Tag Archives: breast cancer awareness month

about the ribbons

Maybe it’s not stating a prison number instead of your name
but for certain a wrist badge with your birthdate
and a, “tell us your full name please”
becomes your identity until salaries are paid.
Until bills are made and passed
to keep the torture going.
/ lobotomies remain a threat for those who imply an uprising
of thoughts

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It’s ok girl,
You don’t have to join the ribbons just yet / if ever.
believe what you want
It’s ok girl,
You don’t have to play pretend they’re fundraising for a cure.
go on and be sugar cane
Let them know your sweetness is going to be hard to get
go and let them know  / you know
they got the cure
It’s hiding in the overhead coverages
of their non-profits
It’s ok curly/short haired girl,
show that drug infused swollen body
snap that thick neck and roll your eyes
go on and show them your scarred up chest
your burnt cleavage and peeling skin
show that radiation racing to your clavicle
the rawness under your breast
show how you still here  / cause like millions of others,
you tricked your body into dying to stay alive.
It’s ok girl,
You know the power of now
cause twice you had thoughts of tomorrow
being ok not to come
Naw, don’t be ashamed!
no time for that when the value of every second is gold.
when you were still granted a sunrise and a desk topped with
paper and pens

It’s ok if you don’t feel like pretending today.
If you don’t feel like walking with the crowd
cause you can’t keep up yet / shoes snug around freshly grown back toe nails
go on and sit .
think about things.
the words, will come to you as they always have.

You don’t have to join the ribbons just yet / if ever.

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with no interruptions

I’m not there yet but
maybe one day.
I’m talking about the pink ribbons and all.

For right now,
I’m going to allow
myself to feel what I feel.

A part of the reason a lot of folks didn’t know…
I didn’t want my thoughts to be interrupted anymore than what they already had been.
I didn’t want your love to inform my experience.
If it taught a lesson I wanted to learn. If it hurt I wanted to cry.

I wanted silence.

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See, my moon is in Cancer and my sun is in Leo
so when I go in my shell it’s with roaring determination

and some days I couldn’t sit
cause the infusions made my chest feel
like heavy clouds were moving through them
and some days I couldn’t stand

cause the neuropathy numbed my toes

and I didn’t know they wouldn’t bend
until I tried to walk one day / and fell.

and some days I would just
close my eyes
cause my nervous system was so jacked up
my eyes twitched until
I had a piercing headache.

I wanted silence.

Continue reading with no interruptions

Tell It by Gia Scott-Heron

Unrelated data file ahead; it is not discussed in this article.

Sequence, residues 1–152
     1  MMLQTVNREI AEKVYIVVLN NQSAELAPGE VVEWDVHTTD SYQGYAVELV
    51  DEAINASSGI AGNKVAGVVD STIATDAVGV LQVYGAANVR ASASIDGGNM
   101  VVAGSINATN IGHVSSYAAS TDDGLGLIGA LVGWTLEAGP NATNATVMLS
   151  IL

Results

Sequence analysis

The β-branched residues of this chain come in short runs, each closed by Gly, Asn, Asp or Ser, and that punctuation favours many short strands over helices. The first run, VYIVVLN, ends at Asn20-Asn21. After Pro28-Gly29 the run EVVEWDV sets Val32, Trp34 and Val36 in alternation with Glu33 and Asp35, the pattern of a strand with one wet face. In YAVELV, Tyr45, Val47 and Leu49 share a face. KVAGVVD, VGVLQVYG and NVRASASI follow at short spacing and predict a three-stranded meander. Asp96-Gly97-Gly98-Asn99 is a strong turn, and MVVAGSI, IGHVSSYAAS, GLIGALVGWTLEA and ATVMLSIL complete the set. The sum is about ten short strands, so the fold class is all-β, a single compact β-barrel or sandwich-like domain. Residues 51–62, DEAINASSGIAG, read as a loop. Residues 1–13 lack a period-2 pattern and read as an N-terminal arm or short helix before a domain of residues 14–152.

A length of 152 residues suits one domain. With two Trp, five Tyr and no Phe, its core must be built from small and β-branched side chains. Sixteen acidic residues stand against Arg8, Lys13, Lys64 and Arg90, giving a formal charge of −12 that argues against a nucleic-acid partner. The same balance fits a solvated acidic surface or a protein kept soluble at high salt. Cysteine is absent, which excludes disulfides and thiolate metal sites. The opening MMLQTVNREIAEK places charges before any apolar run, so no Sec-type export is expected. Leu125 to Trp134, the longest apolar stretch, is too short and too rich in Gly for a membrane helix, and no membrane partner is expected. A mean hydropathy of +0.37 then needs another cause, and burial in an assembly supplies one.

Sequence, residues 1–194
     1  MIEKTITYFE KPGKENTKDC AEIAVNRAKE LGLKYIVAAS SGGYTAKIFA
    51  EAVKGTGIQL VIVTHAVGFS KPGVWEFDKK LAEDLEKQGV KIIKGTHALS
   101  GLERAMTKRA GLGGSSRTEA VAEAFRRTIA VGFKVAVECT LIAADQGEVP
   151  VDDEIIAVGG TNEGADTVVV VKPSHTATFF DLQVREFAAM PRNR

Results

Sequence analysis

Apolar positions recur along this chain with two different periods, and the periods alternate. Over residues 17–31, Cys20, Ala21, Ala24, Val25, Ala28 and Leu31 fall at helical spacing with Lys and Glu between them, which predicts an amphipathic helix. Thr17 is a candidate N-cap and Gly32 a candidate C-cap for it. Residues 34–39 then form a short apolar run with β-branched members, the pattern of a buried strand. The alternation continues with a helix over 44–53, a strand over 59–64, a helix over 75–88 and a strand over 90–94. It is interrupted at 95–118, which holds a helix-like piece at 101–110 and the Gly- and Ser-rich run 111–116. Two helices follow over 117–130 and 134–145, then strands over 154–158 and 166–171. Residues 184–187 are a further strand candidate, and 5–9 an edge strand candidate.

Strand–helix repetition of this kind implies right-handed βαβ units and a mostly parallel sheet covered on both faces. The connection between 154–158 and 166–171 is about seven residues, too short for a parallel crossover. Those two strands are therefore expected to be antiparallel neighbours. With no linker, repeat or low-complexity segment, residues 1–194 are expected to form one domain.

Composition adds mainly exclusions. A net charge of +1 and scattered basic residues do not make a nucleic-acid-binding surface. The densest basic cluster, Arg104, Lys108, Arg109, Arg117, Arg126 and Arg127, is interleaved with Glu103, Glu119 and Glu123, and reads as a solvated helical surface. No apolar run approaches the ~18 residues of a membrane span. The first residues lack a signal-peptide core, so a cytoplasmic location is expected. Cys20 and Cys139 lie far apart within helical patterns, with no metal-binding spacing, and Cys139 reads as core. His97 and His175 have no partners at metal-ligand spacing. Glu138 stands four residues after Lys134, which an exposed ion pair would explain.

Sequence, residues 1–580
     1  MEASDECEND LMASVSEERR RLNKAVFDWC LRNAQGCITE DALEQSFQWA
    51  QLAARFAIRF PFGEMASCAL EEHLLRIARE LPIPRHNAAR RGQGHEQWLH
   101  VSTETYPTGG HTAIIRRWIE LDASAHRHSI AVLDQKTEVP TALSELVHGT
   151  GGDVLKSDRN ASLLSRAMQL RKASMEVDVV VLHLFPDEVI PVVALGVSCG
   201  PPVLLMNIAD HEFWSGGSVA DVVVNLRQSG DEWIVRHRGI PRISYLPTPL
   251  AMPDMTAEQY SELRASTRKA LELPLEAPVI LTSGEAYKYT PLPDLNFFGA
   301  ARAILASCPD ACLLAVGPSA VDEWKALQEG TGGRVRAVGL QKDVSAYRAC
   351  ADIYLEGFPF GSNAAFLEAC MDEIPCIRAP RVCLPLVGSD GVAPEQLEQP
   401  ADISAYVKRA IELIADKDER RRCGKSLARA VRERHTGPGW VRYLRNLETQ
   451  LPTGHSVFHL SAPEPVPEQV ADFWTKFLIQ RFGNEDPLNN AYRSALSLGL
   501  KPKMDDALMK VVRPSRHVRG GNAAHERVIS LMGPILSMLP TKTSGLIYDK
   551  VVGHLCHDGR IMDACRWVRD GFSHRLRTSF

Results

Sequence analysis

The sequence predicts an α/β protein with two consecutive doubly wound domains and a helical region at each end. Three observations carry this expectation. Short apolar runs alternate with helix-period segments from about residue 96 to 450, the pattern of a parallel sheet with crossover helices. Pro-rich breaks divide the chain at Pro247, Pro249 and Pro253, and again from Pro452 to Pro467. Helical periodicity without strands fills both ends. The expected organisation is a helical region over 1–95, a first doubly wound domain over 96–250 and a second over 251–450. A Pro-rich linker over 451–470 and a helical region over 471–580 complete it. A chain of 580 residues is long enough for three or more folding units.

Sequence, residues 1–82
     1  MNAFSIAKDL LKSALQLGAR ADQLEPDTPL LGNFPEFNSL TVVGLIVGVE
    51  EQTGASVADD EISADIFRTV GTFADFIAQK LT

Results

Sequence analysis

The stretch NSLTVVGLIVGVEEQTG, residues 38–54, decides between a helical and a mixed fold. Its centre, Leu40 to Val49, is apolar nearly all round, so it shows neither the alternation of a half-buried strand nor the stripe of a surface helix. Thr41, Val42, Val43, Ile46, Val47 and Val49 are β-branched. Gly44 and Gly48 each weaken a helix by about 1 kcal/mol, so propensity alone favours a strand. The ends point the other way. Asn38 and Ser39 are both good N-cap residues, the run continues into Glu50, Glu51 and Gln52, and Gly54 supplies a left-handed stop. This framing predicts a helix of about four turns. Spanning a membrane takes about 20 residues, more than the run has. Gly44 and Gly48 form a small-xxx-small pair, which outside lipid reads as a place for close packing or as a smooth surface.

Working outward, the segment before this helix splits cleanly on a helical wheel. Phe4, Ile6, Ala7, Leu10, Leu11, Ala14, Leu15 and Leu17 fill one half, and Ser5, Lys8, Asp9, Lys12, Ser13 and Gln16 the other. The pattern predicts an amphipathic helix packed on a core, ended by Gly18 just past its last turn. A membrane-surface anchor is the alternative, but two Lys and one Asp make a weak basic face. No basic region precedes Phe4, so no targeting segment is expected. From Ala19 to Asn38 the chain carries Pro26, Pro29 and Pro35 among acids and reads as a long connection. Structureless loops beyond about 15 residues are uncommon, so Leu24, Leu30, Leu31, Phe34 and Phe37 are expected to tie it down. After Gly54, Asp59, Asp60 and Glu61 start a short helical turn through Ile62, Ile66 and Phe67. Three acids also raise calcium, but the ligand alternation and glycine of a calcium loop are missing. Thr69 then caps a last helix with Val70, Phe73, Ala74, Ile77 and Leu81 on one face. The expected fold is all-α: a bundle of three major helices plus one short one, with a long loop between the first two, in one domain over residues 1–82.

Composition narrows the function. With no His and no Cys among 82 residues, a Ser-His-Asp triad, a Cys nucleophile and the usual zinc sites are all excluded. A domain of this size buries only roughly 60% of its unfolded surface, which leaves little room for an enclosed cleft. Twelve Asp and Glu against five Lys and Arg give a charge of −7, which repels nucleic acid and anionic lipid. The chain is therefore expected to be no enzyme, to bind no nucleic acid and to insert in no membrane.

giabiopic

(to all the of fallen and to all of the survivors)

Before I knew cancer was a disease, to me it was the most Northern circle of latitude on this planet.

To me it was synonymous with the summer solstice.

Before I knew cancer was a disease (to me) it was just another sign of the zodiac. It symbolized a person like my Mother, kind, generous and a lover of trees and quiet places.

But then one day I met cancer.

It met it in whispers as family members talked about it in hushed voices.

I met it in hospitals, on visits to people who had fallen into its clutches.

And I met its handiwork at funerals, in coffins, on the wet faces of survivors…

And I learned sadly that cancer has been around as long as the zodiac. As long as the summer solstice.

And I also learned that cancer has a lot of cousins, but you can usually tell by the last name.

Breast cancer, Colon cancer, Liver cancer, Lung cancer.

Then you got those bourgeoisie cousins with those college text book names like:

Leukemia, Lympho-blastoma, Multiple Myeloma, Non-hodgkin’s lymphoma.

But if you see cancer, you tell it not to bother wiping its feet on the doormat because it won’t be staying long.

Tell it not to get too comfortable, because uninvited guests can’t stay in your home.

You tell it love don’t live here anymore. Tell it to try the people next door.

And if all that don’t work, you tell it I said to go play in some traffic.

And remember when it comes to cancer, you’re the one in control.

Cancer is just a backseat passenger, or a fly on the wall.

Get the fly swatter, get the bug spray, get the RAID.

You show it how pests are treated when they stand in your way.

Yeah if you see cancer you tell it “Miss Gia told me to kick you to the curb.

And remember that sickness is a condition, but to LIVE is a verb.

And people are donating, and fund-raising and working night and day.

See cancer’s days are numbered, because a cure is on the way.

So if you see cancer, just remember what to do.

Remember that you can survive cancer,

It’s cancer that can’t live without you.

© October 2014 written by Gia Scott-Heron

(Breast cancer awareness month)

 

 

Gia Scott-Heron, a.k.a. (affectionately known as) Miss Gia is an L.A. based poet that has been delivering her brand of “Edutainment” for over a decade. She has been to the National Poetry Slam twice, has been featured at colleges and Universities, including the University of Wisconsin, Madison, and has been featured in The Los Angeles Times. She is currently working on her sophomore album entitled: Gialogick 101: Class is in Session to be released in 2015. She is also finalizing the manuscript for her first full book of poems and Essays with the working title: Can You Hear Me Now? Stay tuned!